Greg Hansen: Wildcats’ big spring forward made for a sports season to savor – Purdue Exponent

On the first day of spring, Sunday, March 20, Arizona’s athletic department was a mess. OK, maybe not a mess, maybe not a wreck, but to use a softer term, it was in disarray.

And that doesn’t include the financial crush of unrealized ticket and TV revenue related to COVID-19.

The sting from firing football coach Kevin Sumlin, paying him about $7.5 million to go away, and losing 70-7 to ASU was a psychological and financial blow like few, if any, in a century of UA sports.

Worse, the school was in the process of a decision to fire basketball coach Sean Miller, pay him more than $1 million to exit the premises, and start over.

This is what disarray looks like: the double firing tactic was almost unprecedented in the UA’s years in the Pac-12. Only once, in 2002-03, had a conference school fired its basketball and football coaches in the same academic year. UCLA dismissed basketball’s Steve Lavin and football’s Bob Toledo three months apart.

On the first weekend of spring, 2021, Arizona’s ongoing sports were anything but encouraging. It pointed to a lost year, perhaps the worst in the school’s modern athletic history. Consider:

• Adia Barnes’ women’s basketball team had not played for 16 days after being eliminated from the Pac-12 tournament, limited to 49 points by UCLA.

• Mike Candrea’s softball team was swept in its Pac-12 opening weekend, scoring a mere three runs at Washington and hitting a cumulative .163.

• Laura Ianello’s women’s golf team was idle, but had uncharacteristically failed to win any of its first four events. It placed just fifth in its own Arizona Invitational.

• Jim Anderson’s men’s golf team walked off the Tucson National course that weekend in fifth place at its own NIT Invitational, 19 strokes out of first place.

• Jay Johnson’s baseball team lost 11-3 at UCLA on the first day of spring, losing its opening Pac-12 series and dropping to 13-6 overall.

• Clancy Shields’ men’s tennis team, which had opened the season 15-1, was swept on a first-weekend-of-spring trip, losing to Baylor, Oklahoma and Texas.

Plus, the most prominent athlete on campus, diver Delaney Schnell, did not win either of the two events she entered at the NCAA finals that weekend, finishing fourth in the 1-meter event and second in the platform finals.

Yet 90 days later, on the final day of spring, all of that had changed, leading some in the community to ask if 2021 was the best finish to a UA sports season in history.

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Arizona catcher Dejah Mulipola, center, high-fives third baseman Malia Martinez  during player intros before their Women’s College World Series game against Alabama earlier this month. The Wildcats made their 24th WCWS appearance under coach Mike Candrea, who retired at the end of the season.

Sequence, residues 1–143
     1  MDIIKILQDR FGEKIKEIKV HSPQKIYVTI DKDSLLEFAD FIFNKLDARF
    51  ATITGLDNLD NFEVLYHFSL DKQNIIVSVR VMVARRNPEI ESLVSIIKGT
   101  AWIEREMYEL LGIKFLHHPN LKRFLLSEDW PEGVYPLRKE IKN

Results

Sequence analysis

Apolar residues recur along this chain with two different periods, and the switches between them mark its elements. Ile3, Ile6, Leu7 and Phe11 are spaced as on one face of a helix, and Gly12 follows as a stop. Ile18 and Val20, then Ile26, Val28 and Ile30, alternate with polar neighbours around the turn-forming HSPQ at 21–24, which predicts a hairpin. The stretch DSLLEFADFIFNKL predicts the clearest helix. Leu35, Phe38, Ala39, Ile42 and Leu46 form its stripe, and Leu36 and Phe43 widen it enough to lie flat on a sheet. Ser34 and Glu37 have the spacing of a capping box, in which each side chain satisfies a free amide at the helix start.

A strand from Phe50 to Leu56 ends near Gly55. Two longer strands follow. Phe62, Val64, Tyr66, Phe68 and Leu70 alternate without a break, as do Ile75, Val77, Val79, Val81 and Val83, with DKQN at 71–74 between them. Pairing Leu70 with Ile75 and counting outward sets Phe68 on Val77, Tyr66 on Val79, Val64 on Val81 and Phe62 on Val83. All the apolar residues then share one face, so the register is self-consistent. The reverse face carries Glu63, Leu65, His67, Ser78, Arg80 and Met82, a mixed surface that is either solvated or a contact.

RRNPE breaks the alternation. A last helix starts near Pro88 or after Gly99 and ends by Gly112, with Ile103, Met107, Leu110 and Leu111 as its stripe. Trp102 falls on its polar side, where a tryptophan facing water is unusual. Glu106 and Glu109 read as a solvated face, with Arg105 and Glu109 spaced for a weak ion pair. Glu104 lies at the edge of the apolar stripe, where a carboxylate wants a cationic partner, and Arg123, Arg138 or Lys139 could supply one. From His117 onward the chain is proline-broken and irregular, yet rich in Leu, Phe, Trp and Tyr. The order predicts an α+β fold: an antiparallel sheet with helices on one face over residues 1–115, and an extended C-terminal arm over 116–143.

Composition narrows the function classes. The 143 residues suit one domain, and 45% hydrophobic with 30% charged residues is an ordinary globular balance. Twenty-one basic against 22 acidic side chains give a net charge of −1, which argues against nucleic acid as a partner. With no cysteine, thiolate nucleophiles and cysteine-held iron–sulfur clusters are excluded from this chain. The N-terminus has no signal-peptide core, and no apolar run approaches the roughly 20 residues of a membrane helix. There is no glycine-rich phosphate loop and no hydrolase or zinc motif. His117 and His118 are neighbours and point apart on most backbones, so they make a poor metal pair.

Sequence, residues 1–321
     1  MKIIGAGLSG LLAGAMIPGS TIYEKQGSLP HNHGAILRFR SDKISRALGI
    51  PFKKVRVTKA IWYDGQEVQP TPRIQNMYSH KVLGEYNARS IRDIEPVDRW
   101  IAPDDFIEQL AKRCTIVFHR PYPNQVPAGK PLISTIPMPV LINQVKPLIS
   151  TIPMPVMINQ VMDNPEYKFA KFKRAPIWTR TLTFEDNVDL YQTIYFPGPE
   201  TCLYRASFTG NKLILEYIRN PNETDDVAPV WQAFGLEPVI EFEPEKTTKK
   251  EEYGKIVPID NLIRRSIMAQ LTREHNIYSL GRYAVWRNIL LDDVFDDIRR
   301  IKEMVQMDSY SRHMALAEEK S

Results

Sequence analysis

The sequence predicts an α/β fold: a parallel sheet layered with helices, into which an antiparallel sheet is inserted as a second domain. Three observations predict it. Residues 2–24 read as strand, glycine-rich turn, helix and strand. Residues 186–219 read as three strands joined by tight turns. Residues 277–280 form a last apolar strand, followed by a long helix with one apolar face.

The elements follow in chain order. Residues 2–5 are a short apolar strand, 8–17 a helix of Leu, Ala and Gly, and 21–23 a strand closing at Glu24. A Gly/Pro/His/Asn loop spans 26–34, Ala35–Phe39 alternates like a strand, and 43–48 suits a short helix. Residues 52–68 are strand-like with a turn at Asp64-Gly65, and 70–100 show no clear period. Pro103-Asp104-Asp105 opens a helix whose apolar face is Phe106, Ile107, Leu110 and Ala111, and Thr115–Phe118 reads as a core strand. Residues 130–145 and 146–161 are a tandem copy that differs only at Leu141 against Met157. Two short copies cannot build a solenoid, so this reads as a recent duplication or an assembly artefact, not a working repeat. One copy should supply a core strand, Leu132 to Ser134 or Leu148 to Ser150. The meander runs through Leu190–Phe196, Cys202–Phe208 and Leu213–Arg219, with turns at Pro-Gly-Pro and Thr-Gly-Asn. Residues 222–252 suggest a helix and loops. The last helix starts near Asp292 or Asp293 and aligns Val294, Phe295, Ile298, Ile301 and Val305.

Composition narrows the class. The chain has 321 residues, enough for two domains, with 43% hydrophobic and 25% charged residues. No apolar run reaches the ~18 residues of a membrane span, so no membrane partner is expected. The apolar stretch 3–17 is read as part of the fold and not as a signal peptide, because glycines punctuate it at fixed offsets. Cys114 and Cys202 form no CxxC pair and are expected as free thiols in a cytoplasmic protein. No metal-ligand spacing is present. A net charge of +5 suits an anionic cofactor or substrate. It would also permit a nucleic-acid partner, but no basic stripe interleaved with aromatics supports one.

In the course of three months:

• Barnes’ basketball team stunned No.1 seed UConn and reached the NCAA championship game.

• Candrea’s softball team blew through the NCAA Super Regional and landed at the Women’s College World Series for only the second time in 10 years.

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• Ianello’s golf team finished tied for third at the NCAA championships.

• Anderson’s golf team won the school’s first Pac-12 men’s golf title since 2004.

• Johnson’s baseball team won the Pac-12 championship and played in the College World Series for just the fourth time since 1989.

• Shields’ tennis team reached the Sweet 16, its most successful finish since 1972.

And Schnell won the Olympic Trials in both platform diving and Synchro Pairs.

Not only that, the coaches UA president Robert C. Robbins and athletic director hired to replace Sumlin and Miller — football’s Jedd Fisch and basketball’s Tommy Lloyd — have restored an energy and connection to the community that had been lost for a few years.

Anyone remember Gronk catching a football dropped from a helicopter?

A sports season that once looked to be on course to be an unmitigated failure was anything but. Talk about going out on a high note.

This was reminiscent of the 1990s, when the UA’s athletic department regularly finished in the top 10 of what is now called the Director’s Cup.

When the Director’s Cup began in 1993-94, Arizona finished No. 6 overall. Over the next seven years it finished, in order, No. 4, No. 7, No. 6, No. 6, No. 9, No. 8, No. 5. It has not since been in the top 10, and has averaged 37th overall since 2008.

The Wildcats entered the spring (including basketball results) ranked No. 38 nationally, about average. Final standings will be released at the conclusion of the College World Series. It’s likely Arizona could finish as high as 15th.

But it’s not the best spring season in school history. The numbers suggest that Arizona hit its peak in the spring of 1992.

In ’92, Arizona won the NCAA men’s golf championship. It won Pac-10 championships in women’s golf, softball and baseball. Both the softball team and the women’s golf teams finished No. 2 in the NCAA finals. Golfer Annika Sorenstam won the national title.

What’s more, UA tennis players Alix Creek and Danielle Scott won the Pac-10 doubles title, the first and only pair in school history to do so, and Creek won the singles title, also the first and only UA women’s tennis player to do so.

To cap the historic ’92 spring season, UA distance runner Marc Davis won the NCAA championship in the steeplechase and Tanya Hughes won the NCAA high jump, as the women’s track team finished second in the Pac-10, its highest-ever finish.

That was a spring sports season to remember.

In 2021, the UA’s finish to the sports year went from bitter to sweet in the space of 90 days, making it a year you won’t soon forget.

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